Mucous Otitis Media
-ME becomes filled with thick mucoid secretions "glue ear"
-Can impede functioning of ossicles, damage ME tissue, and cause scarring.
-The scar forming tissue can be fibrous resulting in a web of adhesion which can bind any or all of ME ossicles.
-Can also cause calcium deposits to develop resulting in tympanosclerosis.
a common cause of HL in adults. (hereditary in 70%)
-the problem originates in the bony labyrinth of the inner ear, but is not usually detected until affects ME. Appears as the formation of new growth of spongy bone over the footplate of the stapes. The growth partially fixes the stapes in the oval window.
Symptoms of Otosclerosis
-Symptoms: bluish cast to whites of eyes, difficulty hearing while chewing, tinnitus, schwarze sign (rosy glow on promontory seen through TM) and paracusis willisii (understand speech better in noise, due to Lombard voice reflex.
-Reverse slope conductive HL with low freq air bone gaps
-Presence of Carhart notch at 2000 Hz there is a dip in bone conduction.
Treatments for Otosclerosis
-Fenestration: bypassing the ossicular chain for sound transmission which required mastoid surgery and an artificial opening in another part of the ear. A new window was created.
-stapes mobilization: rocks the stapes until it is free
-stapedectomy with prosthesis
rapid rocking movements of the eyes.
warm or cold water or air is circulated in the air canal. The temp stimulates the inner ear in order to test for nystagmus
battery of eye movement tests that look for signs of vestibular dysfunction or neurological problems.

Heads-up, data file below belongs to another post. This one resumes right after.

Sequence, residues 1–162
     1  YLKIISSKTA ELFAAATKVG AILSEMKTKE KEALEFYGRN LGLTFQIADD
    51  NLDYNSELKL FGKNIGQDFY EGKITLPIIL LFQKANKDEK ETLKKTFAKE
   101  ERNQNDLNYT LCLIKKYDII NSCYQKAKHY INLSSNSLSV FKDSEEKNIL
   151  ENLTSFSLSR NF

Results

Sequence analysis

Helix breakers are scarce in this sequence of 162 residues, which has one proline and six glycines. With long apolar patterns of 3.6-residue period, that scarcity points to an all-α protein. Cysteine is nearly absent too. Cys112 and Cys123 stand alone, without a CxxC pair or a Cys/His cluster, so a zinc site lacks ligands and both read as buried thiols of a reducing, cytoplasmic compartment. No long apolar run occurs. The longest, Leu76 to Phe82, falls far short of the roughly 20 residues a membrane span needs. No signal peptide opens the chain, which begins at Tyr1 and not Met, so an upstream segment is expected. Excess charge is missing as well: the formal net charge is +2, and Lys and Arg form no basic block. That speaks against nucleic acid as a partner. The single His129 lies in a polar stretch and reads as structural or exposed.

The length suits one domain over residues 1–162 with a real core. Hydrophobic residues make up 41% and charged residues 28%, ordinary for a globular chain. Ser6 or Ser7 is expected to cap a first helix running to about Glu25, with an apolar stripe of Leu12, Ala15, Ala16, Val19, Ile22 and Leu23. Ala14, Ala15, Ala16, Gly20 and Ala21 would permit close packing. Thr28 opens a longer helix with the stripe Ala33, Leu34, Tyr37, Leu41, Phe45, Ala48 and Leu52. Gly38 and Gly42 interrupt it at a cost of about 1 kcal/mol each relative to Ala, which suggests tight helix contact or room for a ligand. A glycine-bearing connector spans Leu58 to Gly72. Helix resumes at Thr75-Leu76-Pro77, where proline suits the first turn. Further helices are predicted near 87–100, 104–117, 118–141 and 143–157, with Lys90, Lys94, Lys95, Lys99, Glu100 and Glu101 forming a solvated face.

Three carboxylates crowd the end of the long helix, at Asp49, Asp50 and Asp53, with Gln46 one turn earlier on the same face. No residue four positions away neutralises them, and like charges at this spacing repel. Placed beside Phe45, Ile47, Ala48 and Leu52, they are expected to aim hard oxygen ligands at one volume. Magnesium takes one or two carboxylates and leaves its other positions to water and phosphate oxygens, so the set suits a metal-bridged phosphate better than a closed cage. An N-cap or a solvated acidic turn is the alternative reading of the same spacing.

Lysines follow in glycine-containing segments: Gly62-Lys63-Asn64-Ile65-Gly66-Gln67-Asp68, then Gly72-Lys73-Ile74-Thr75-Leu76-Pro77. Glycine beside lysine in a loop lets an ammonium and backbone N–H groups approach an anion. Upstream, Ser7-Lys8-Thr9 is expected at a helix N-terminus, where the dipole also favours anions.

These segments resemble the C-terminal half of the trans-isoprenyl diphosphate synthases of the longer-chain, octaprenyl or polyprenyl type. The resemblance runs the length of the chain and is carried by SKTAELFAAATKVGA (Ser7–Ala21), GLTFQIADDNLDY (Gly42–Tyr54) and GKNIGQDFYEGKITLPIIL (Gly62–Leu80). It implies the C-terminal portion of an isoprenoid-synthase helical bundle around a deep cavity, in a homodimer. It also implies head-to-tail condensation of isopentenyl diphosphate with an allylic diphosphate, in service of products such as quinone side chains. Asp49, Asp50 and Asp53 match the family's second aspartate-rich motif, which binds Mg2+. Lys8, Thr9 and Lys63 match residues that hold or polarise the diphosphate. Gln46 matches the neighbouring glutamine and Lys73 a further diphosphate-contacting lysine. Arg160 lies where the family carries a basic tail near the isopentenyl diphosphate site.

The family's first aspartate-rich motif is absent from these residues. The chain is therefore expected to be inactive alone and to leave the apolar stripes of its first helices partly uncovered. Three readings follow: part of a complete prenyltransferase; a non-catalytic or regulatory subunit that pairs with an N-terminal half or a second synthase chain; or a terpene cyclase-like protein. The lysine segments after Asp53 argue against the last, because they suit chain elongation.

Vestibular-Evoked Myogenic Potentials (VEMPT)
to determine if the saccule and inferior vestibular nerve and central connections are intact and working normally.
-large amounts of some drugs over prolonged periods of time may cause tinnitus and hearing loss
o mycin group (antibiotics), tuberculosis drugs, quinine (maleria), asprin, diurectics, nicotine, alcohol. High freqs effected first.
Barotrauma (symptoms, treatment)
-sudden fluctuations in middle ear pressure can cause rupture of round window or tearing of the annulus of oval window.
-sensory or mixed
-may cause vertigo
-treatment: surgical repair
Noise Induced Hearing Loss
-may be result of brief exposure (subsequent partial or complete recovery) or repeated exposure (permanent impairment).
o Temporary or permanent threshold shifts
-term used to describe noise induces hearing loss due to impulsive sound.
-Acoustic trauma notch 3k-6k with 8k recovery.
Sudden Idiopathic Sensorineural Hearing Loss (SISNHL)
-Sudden onset without identifiable cause
-Decrease of at least 30 dB over atleast three octaves.
-Causes include: autoimmune disease, viral infection, rupture of basilar membrane, vascular disease, spasm in auditory artery.
-disorder of inner ear resulting from an imbalance in the volume or chemical make up of the endolymph found in the labyrinth of the inner ear.
-Oversecretion or underabsorbtion of endolymph.
-May result from blow to head, infection, degeneration, allergy, tumor, but in many cases the cause is unknown.
Symptoms and Treatments For Meniere's
-As fluid builds or drops, it interferes with the normal balance and hearing signals between inner ear and brain.
-Causes: vertigo, tinnitus, hearing loss, and feeling of fullness or congestion in the ear. Sudden unilateral HL.
oDizziness may be sudden or after tinnitus or muffled hearing
oMay have single attacks of dizziness separated by long periods of time, or many attacks over a number of days.
oSome have "drop attacks" vertigo so extreme lose balance and fall
-Treatment: wicking, medication, and surgery
-HL due to age
-Arteriosclerosis: causes oxygen deficiencies
-Symptoms: speech recognitions differences
-25% of adults 45-64
-40% of adults over 65